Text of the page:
Len has had a meteoric rise to the top after impressive combine measurements and pre-draft workouts... or not. Despite being hobbled by a stress fracture in his left ankle that precluded him from participating in these events there is murmuring that Len might be the #1 overall pick. Maybe he interviews well? The Suns had a chance to figure that out firsthand when Len was among the highest profile workout group that came to Phoenix on June 5th as documented in this BSotS workout update.
*Len's injury prevented him from regular combine measurements.
Height: 7' 1" (reported to be every inch of this)
Weight: 255 (Len entered last season at 255, but lost weight during the season... then had an adverse reaction to anesthesia which caused additional weight loss. Right now his weight is in the 240-250 range.)
Wingspan: 7' 3.5" (confirmed)
Len may be capitalizing on falling stock from other players, then again he just might be the best player in the draft. His combination of size, mobility and physical tools make him a coveted specimen at the NBA level. Although his game is still somewhat raw he seared it a little around the edges last season by improving across the board. Unlike his counterparts among the draft class pantheon, no bad news has been good news for Len.
There is no posse. There is nobody trying to puppet his actions with questionable advice. He didn't decline an interview with the Suns because the fifth pick was beneath him. He doesn't have people questioning his heart and effort. With a slew of pros and an absence of cons it's not hard to be enamored with the young man.
Having just turned 20 (June 16th) his growth propitiates an upside that could make him an elite big at the NBA level. All recent indications suggest that Len will likely be gone when the Suns are on the clock, but if he falls to five I'm guessing he won't fall further.
I know what you're thinking. Why the hell would the Suns draft another power forward? There's already a surfeit of fours on the roster. Well, maybe because they're hoping to get one that can actually play.
hopefully possibly gone this summer and an underwhelming cast behind him maybe a dice roll on a player with a better NBA body and athleticism is worth another look.
Height: 6' 8.75" with shoes (since players don't play barefoot... except for Mike Miller draining threes)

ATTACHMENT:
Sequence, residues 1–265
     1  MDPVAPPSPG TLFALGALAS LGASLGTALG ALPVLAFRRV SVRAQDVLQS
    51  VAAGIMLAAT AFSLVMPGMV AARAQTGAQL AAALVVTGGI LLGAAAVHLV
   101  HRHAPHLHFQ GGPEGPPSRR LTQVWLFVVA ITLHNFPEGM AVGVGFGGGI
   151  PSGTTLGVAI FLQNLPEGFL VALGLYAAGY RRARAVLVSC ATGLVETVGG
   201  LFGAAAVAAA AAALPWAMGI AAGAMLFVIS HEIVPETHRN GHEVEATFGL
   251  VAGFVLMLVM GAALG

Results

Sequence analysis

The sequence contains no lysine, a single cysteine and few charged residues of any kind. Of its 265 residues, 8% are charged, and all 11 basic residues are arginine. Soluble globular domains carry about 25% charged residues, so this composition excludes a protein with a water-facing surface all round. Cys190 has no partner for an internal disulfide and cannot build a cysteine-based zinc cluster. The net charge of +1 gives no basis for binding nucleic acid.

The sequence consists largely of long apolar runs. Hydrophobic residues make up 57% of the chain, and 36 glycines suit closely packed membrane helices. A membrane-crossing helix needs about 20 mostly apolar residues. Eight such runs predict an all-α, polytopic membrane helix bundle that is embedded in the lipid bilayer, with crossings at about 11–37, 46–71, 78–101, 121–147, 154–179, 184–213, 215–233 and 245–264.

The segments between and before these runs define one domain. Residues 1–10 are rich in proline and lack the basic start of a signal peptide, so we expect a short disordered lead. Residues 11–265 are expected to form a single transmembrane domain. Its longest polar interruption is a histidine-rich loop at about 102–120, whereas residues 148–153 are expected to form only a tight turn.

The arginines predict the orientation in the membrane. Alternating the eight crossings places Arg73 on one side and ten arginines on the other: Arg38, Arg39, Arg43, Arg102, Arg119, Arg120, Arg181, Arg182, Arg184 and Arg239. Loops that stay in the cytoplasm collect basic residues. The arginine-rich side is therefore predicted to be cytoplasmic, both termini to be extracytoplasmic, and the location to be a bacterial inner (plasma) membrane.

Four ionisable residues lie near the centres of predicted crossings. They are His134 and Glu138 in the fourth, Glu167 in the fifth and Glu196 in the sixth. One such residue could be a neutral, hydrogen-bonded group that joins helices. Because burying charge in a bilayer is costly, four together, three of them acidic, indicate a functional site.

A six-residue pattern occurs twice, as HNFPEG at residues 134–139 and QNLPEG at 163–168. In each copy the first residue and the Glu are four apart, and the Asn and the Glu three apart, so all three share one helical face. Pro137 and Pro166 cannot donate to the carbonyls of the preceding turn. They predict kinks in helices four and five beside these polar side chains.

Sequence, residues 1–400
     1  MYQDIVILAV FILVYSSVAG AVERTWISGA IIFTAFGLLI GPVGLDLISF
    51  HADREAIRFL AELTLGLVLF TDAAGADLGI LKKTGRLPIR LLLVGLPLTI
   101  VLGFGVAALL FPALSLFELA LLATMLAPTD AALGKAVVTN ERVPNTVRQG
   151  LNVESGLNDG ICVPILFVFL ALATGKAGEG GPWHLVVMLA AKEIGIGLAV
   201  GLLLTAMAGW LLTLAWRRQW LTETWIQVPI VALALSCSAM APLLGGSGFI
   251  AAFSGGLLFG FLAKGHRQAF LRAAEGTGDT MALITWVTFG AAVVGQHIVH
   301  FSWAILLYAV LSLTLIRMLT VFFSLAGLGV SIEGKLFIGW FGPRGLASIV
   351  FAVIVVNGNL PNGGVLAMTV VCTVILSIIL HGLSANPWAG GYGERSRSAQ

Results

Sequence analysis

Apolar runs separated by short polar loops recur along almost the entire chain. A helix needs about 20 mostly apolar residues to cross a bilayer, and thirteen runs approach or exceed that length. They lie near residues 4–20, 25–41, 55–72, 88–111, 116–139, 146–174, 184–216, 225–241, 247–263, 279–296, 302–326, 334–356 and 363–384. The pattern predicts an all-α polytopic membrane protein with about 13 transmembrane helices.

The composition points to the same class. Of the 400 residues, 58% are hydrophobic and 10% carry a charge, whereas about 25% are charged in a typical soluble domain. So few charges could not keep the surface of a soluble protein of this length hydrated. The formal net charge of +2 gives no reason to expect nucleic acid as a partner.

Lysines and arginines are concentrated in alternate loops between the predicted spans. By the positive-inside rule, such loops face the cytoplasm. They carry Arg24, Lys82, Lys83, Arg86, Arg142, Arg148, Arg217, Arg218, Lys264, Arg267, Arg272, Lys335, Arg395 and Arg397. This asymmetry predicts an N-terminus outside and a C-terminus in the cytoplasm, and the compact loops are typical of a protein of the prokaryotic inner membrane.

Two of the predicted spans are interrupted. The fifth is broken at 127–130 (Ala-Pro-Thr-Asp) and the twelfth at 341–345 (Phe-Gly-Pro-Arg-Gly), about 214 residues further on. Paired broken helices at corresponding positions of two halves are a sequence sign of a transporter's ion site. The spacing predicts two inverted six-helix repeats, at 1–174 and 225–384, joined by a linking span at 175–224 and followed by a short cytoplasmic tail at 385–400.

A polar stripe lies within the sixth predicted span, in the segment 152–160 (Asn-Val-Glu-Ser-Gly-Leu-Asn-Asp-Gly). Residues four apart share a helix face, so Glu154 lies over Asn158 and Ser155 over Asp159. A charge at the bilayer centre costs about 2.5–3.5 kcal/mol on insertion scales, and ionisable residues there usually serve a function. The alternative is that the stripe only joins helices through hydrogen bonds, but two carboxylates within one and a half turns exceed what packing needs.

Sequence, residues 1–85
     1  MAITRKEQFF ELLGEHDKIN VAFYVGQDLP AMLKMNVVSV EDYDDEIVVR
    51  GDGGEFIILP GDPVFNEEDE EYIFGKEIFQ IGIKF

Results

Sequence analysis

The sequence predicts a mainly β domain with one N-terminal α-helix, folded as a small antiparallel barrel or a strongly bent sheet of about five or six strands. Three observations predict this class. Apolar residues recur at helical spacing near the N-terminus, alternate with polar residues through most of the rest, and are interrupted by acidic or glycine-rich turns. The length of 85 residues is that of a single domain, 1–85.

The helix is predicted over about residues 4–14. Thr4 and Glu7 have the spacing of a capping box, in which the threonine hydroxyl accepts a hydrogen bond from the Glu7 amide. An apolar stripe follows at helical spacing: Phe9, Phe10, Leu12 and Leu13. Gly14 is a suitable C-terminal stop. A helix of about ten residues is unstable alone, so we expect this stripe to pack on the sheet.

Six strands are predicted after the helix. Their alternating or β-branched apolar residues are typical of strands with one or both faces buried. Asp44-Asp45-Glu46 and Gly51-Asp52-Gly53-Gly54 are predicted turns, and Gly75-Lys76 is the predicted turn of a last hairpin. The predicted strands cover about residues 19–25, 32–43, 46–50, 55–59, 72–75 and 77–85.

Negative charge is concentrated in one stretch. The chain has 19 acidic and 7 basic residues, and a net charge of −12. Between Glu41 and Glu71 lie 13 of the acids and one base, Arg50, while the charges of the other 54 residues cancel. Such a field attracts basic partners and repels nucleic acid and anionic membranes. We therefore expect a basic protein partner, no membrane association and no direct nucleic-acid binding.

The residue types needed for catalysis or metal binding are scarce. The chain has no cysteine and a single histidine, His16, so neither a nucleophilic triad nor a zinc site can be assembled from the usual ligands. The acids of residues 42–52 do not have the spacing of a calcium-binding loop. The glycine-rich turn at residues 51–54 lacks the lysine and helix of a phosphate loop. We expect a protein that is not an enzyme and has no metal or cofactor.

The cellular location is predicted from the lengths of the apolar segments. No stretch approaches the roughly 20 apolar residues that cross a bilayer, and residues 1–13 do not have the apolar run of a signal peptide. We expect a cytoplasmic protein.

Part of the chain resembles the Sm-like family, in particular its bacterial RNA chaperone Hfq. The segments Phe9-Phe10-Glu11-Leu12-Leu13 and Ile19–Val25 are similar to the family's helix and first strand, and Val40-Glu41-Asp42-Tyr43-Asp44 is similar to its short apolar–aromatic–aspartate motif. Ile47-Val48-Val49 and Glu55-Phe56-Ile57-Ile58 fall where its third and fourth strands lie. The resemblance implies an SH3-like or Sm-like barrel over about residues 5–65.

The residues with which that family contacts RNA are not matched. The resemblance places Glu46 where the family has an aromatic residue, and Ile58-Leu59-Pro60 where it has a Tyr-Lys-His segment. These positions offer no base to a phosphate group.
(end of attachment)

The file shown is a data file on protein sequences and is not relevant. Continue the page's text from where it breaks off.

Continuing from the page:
Standing Reach: 8' 10.5" (more important than height since players don't rebound or defend with the top of their heads)
Wingspan: 7' 2.5"
How do these numbers compare to Markieff Morris coming out of college? They're actually pretty similar... except that Mitchell is younger, leaner, stronger and beats Morris by about 4" on wingspan and 6" on vertical jump. So what gives with the late first/early second projection?
Despite his body, athleticism, rebounding and shot blocking, Mitchell went through a significant regression his sophomore season (which a coaching change may have contributed to) and lacks offensive polish. Another area of concern is his questionable work ethic. He would be a work in progress, but at least the foundation isn't quicksand.
Mitchell visited the Suns for a workout on June 10th, as documented by Brightside's own Kris Habbas. Check out Kris's input and why he agrees with me that Mitchell would be a steal at #30.
McCollum is on my wish list if the Suns acquire a second lottery pick in this year's draft. Before explaining why, here's the most likely scenario for him to don the (do we still have any) purple and orange.
Suns acquire Joel Freeland and #10 for Marcin Gortat (handshake deal). A combination (two out of three) of Kentavious Caldwell-Pope, Michael Carter-Williams and/or Steven Adams jumps ahead of McCollum so that he falls to this selection. My vision may be doomed to failure, a la savagely beating monkeys with wrenches, due to the fact that the Suns have been rumored to have interest in multiple players from the above list. At least if the Suns pick #10 they should get one of their men.
Height: 6' 3.25" with shoes
Standing Reach: 8' 0.5"
Wingspan: 6' 6.25"
McCollum's combine measurements are eerily similar to last year's phenom Damian Lillard. Despite the matching physical profile, though, they are different players. McCollum lacks blow by speed, though he does have a quick first step, and has to use more body control and craftiness to attack the rim. McCollum is also not a prolific passer, having averaged just 2.9 assists per game last season.
What the two do have in common is an ability to put the biscuit in the basket. Not only is McCollum a pure scorer with the ability to create his own offense, but his shooting percentages are higher across the board than Lillard's were entering the draft. McCollum is a plus rebounder and has a high basketball IQ. In a draft class lacking skilled offensive players it is possible that McCollum may ascend to the top in that respect. The recent success of players from small schools who have made it big in the NBA, such as the aforementioned Lillard and Stephen Curry, have allayed some of the taboo associated with using lottery picks on small school gambles.
Hit this link for Dave King's quips about McCollum's workout for the Suns, including his stance on competing in workouts...
"I'm not running from anybody," C.J. McCollum said when asked about playing against the other point guards. "I'm working out against whoever. We're all basketball players, so there should be nothing to hide."
Except for players at the top of the big board who avoid competition like cockroaches scurrying away when the lights are turned on...
So there you go, three players who would probably make fine additions to the Phoenix Suns, but probably won't end up on the team. If Len goes top four, McCollum top eight and Mitchell top 25 it will take some maneuvering for them to be sporting a Suns' cap on Thursday night.